The Williams patent mentioned above illustrates a prior art connector 30 as show in FIGS. 1 and 2 attached hereto used to connect one or more pieces of equipment such as a depth control mechanism on a float tube to an underwater streamer cable 10. The cable can be towed underwater. In practice, a plurality of depth control mechanisms and other equipment, such as acoustic transceivers are connected to the cable 10 at intervals along its length, which is sometimes up to several kilometers.
 Each connector 30 has generally the shape of a cylinder surrounding the cable 10. The connector 30 includes a cylindrical inner collar, referred to as an inner race 31, which is clamped to the outer surface of the cable 10, and a cylindrical outer collar, referred to as an outer race 40 which surrounds this inner race 31 and can freely rotate about the inner race 31. Connecting members, called pylons (not shown), are connected to one of the outer races 40 but not to the inner races 31. As a result, when the cable 10 is being towed through the water, a depth control mechanism can hang beneath the cable 10 and a float tube can float above the cable without being affected by twisting of the cable 10.
 As shown in FIGS. 1 and 2, a prior art inner race includes a plurality of arcuate sections which are combined to define a generally tubular shape with a cylindrical bore for receiving the cable 10. The prior art inner race of FIGS. 1 and 2 comprises two semi cylindrical section 32 fastened together by screws 33. The inner race 31 is connected to the cable 10 so as not to slide along the length of the cable 10 during use. The inner race 31 can be connected to the outer surface of the cable 10, or taped or another member may be attached to the cable 10 near the ends of this inner race 31 to define stops which prevent the inner race 31 from moving longitudinally along the cable 10 when subjected to drag forces. Alternatively, the inner diameter of the inner race 31 may be selected so that when the two sections 32 are combined, the cable 10 is tightly clamped between the sections 32 without the cable 10 being damaged.
 On its outer periphery, the inner race 31 has a cylindrical bearing surface 34 for rotatably supporting the outer race 40. Two cylindrical flanges 35 each having a larger outer diameter than the bearing surface 34 are formed at the longitudinal ends of the bearing surface 34. The flanges 35 define stops which limit the axial movement of the outer race 40 when it is mounted on the inner race 31. While the flanges 35 need not have any specific shape, preferably they have no sharp corners on their outer peripheries which could catch against objects underwater.
 3. Identification of Objects of the Invention
 A primary object of the invention is to provide a screwless arrangement for securing two semi-cylindrical halves of an inner race together about a streamer cable.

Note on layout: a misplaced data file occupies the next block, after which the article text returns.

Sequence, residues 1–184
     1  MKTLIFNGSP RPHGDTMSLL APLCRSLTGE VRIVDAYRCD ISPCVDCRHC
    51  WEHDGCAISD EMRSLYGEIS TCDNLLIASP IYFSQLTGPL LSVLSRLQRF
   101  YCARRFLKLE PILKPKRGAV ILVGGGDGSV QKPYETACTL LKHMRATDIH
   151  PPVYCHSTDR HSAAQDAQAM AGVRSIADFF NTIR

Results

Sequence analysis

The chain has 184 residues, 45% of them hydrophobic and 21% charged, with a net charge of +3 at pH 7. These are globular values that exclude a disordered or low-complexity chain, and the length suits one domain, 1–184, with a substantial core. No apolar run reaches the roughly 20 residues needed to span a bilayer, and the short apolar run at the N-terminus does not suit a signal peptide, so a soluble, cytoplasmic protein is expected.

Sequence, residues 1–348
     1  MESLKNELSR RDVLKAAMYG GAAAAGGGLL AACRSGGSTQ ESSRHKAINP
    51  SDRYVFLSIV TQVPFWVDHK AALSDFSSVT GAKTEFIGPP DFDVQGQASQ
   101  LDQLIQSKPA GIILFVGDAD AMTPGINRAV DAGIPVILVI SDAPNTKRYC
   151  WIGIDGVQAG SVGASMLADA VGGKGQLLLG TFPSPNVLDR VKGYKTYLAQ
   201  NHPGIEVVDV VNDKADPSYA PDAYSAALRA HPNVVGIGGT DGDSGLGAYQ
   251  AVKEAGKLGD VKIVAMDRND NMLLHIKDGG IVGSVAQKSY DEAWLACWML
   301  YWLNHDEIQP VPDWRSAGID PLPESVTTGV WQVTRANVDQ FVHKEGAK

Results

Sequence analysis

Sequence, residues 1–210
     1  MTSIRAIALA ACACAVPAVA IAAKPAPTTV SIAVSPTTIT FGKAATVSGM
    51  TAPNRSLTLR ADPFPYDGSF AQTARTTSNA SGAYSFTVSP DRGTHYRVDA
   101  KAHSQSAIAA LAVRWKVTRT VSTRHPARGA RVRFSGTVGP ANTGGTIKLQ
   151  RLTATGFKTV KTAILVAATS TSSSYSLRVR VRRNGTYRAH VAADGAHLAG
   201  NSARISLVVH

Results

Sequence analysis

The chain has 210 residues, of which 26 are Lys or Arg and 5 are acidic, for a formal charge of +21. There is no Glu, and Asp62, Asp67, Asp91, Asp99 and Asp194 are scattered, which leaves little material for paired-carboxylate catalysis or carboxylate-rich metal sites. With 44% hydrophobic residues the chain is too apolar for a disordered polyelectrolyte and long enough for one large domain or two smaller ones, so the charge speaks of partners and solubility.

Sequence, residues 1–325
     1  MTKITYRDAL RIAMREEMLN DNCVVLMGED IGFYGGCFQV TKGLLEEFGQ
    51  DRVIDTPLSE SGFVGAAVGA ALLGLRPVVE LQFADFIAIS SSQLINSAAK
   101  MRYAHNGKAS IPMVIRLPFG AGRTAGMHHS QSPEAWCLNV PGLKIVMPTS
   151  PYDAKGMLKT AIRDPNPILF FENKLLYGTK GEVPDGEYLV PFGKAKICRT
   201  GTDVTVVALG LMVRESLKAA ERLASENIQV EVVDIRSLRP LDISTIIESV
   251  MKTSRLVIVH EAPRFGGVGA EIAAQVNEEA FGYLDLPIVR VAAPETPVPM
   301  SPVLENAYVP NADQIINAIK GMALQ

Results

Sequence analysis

The object identified above along with other features and advantages of the invention are incorporated in two semi-cylindrical parts that are arranged and designed to be secured together to form an inner race about a cylindrical streamer cable without the need for threaded fasteners. In a preferred embodiment of the invention, the inner race includes two semi-cylindrical halves each of which is constructed of a strong plastic material. Such halves are hinged along one side thereby allowing the halves to open like a clam shell so that the two halves can be positioned about the cylindrical streamer cables. The other sides are fitted with a screwless fastener such as axial mating serrations or teeth that engage when the two halves are closed about the streamer cable. The angle of the serrations or teeth is less than ninety degrees from a tangent line of the race, thereby effecting a secure closure. Other screwless closures are possible. The inner race is preferably cylindrical in external shape so as to be capable of capture by a cavity in an outer race. The invention contemplates external shapes as of the prior art inner races where ends of the race have raised flanges so that an outer race can be captured thereby.
FIGS. 1 and 2 illustrate a prior art inner race of a connector for attaching equipment onto a streamer cable;
FIG. 3 is a perspective view of one embodiment of a screwless inner race for an attachment collar according to this invention, and
FIG. 4 is an end view of the inner race of FIG. 3 in an open position.
FIGS. 3 and 4 depict a hinged version of the inner race 310 according to the invention with serrations 80 on the two halves 60, 62 of the inner race providing a screwless fastener for the device. A hinge 66 allows halves 60, 62 to open for attachment to or removal of a cable, when the two halves 60, 62 are rotated to a closed position. Other screwless fasteners are contemplated for this invention. Such fasteners can be provided on both sides of the halves where a hinged connection is not desired.
 The teeth or serrations 80 of FIGS. 3 and 4 on interior surface of halves 60, 62 are cooperatively arranged such that when the halves 60, 62 close about a streamer cable, the serrations ratchet past each other until a clamped position results with the serrations providing gripping contact with each other. The teeth 80 are cut on an angle that is less than ninety degrees from a tangent line 81 at the closure ends of sections 60, 62.